The Egyptian empire coalesced some 5,000 years ago around the River Nile. The river's seasonal floods irrigated farm lands, and ensured the region's food supply. Indeed, the civilization was so dependent on the Nile's waters that periods of drastic reductions in the volume of the flood were associated with political unrest and sometimes even the ousting of the government.

The height of the Nile's floodwaters was so central that it was recorded alongside lists of kings and their achievements. However, this ancient register only spanned the first to fifth dynasties, about 5,000 to 4,400 years ago. Sparse sediment records have been used to fill in some of the gaps between modern observations and the historic account, and indicate a gradual drying of northeastern Africa through time. Christophe Lécuyer of Univesité de Lyon 1 and colleagues confirmed this aridification, but instead of relying on the sediment record, they looked to the tissues of the people who were consuming the waters of the Nile (Earth Planet. Sci. Lett.; 2013).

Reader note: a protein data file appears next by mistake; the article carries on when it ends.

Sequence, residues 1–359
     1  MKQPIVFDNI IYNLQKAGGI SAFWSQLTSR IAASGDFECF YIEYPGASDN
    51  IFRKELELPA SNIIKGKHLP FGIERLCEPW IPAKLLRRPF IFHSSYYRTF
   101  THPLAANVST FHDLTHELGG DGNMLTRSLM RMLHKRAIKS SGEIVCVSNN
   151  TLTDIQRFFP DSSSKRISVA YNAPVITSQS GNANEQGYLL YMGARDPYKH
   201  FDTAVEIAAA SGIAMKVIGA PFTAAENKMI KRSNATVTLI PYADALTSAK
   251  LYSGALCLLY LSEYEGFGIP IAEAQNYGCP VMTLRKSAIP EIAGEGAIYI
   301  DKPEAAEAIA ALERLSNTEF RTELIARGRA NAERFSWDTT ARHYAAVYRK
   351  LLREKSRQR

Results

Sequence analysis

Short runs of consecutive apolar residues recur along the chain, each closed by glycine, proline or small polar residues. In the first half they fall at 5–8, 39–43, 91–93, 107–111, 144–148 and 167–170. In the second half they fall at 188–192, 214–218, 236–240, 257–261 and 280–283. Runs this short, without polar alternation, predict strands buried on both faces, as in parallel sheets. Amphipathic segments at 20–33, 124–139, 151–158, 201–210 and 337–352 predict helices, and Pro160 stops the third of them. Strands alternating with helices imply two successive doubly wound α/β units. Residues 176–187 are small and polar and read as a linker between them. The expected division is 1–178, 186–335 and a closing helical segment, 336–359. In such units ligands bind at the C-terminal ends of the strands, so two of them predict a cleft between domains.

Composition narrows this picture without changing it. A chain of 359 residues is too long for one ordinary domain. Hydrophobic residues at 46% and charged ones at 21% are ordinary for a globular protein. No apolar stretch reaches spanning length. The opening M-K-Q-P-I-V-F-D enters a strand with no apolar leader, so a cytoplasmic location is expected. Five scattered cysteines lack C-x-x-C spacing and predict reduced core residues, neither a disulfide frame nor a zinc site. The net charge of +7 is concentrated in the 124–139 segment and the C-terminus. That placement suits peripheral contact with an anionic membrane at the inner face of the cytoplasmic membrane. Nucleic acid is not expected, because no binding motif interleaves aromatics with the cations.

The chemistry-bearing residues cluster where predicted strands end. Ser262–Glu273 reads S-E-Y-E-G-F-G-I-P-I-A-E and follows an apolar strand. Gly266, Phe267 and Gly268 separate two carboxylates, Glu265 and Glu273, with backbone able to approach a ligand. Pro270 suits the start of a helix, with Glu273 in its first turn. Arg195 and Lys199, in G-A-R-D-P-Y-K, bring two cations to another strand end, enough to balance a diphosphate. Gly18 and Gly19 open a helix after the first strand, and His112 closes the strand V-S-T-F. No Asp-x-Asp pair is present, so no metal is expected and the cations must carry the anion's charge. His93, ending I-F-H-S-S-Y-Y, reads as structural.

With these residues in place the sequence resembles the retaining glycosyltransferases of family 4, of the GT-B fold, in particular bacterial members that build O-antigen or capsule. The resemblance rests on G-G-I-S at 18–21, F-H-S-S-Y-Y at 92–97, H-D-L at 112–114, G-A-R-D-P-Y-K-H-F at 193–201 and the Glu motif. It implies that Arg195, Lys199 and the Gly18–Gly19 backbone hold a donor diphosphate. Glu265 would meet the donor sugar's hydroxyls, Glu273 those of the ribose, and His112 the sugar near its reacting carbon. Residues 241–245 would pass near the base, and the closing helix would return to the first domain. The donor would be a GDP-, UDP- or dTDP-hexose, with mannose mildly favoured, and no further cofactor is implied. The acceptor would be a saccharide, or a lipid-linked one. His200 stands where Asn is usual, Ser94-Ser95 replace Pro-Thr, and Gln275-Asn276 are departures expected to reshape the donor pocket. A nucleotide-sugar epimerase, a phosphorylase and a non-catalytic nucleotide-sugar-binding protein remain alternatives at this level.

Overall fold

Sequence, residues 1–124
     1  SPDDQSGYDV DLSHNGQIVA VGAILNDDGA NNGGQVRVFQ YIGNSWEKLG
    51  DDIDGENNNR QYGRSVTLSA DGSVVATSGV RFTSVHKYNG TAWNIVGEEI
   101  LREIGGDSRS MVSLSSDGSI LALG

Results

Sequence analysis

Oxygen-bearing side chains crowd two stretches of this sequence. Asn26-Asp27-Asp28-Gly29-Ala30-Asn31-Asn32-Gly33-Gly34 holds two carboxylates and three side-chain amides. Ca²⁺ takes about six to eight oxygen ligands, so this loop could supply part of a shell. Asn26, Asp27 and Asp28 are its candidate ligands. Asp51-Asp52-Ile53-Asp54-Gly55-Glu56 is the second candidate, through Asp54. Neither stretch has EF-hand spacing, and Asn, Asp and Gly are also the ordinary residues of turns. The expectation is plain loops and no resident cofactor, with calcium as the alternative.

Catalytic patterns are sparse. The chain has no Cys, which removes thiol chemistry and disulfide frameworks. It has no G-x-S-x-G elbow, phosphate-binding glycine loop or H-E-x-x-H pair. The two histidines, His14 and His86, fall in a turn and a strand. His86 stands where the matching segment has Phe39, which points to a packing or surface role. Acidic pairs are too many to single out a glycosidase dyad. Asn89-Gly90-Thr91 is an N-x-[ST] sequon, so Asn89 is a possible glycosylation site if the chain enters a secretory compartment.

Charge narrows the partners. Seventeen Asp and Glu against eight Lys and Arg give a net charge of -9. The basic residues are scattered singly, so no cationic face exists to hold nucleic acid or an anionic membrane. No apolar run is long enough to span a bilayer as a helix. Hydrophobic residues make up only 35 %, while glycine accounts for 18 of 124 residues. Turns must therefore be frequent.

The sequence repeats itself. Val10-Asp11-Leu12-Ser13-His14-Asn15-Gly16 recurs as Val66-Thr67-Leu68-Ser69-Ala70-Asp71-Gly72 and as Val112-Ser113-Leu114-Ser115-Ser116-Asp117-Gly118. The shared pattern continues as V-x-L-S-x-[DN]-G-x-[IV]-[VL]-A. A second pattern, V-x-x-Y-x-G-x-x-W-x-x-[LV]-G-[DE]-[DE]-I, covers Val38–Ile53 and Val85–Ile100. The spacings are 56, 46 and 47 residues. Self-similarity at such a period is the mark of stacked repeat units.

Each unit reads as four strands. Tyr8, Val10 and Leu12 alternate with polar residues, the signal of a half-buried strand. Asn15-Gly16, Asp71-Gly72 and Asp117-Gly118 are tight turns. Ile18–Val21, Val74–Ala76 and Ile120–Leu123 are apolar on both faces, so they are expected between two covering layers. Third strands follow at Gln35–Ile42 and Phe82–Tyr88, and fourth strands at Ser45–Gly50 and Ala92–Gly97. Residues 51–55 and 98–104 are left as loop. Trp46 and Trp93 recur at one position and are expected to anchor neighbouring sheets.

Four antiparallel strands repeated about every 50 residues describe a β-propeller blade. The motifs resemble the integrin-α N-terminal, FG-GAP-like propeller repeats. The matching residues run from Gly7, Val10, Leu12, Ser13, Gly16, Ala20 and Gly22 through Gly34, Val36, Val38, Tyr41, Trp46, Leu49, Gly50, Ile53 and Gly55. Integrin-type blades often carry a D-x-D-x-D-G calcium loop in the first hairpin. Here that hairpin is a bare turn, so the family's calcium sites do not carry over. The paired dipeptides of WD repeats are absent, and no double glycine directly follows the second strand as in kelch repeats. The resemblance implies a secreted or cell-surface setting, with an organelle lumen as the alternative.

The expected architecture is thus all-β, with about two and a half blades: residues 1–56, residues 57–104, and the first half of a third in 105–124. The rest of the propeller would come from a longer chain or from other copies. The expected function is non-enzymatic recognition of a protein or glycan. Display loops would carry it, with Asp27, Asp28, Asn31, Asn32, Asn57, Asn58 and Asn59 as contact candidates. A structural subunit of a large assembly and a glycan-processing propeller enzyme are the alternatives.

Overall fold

In the Nile region, the δ18O value of river water is controlled by the source and amount of precipitation reaching the area. The isotopic signature of the water is in turn imparted to the organisms that consume it. In mammals, the signature is particularly clear in bone and tooth material, both of which are composed of phosphate minerals. Lécuyer and colleagues collected samples of tooth enamel and bone from mummies that have been recovered from Egypt, particularly from the Theban region and Lower Egypt. These mummies — currently housed in museums in France — span the Predynastic to Byzantine periods (roughly 6,000 to 1,300 years ago).


The oxygen isotope measurements confirmed that the climate became warmer and more arid through time. The observed isotope trend is consistent with either a temperature increase of 2 °C or a precipitation decrease of 140 mm per year, or some combination of warming and drying. But the analyses of oxygen and strontium isotopes also revealed some information about the habits of the ancient Egyptians: according to the strontium isotopes, only 1 of the 48 humans studied had migrated a significant distance from the region where he was born.

Intriguing variations between the oxygen isotope signatures of mummies from the same sub-period suggest that specific dietary changes may have marked the Egyptians' transition from childhood to adulthood, or that movement within the Nile Valley might have been common.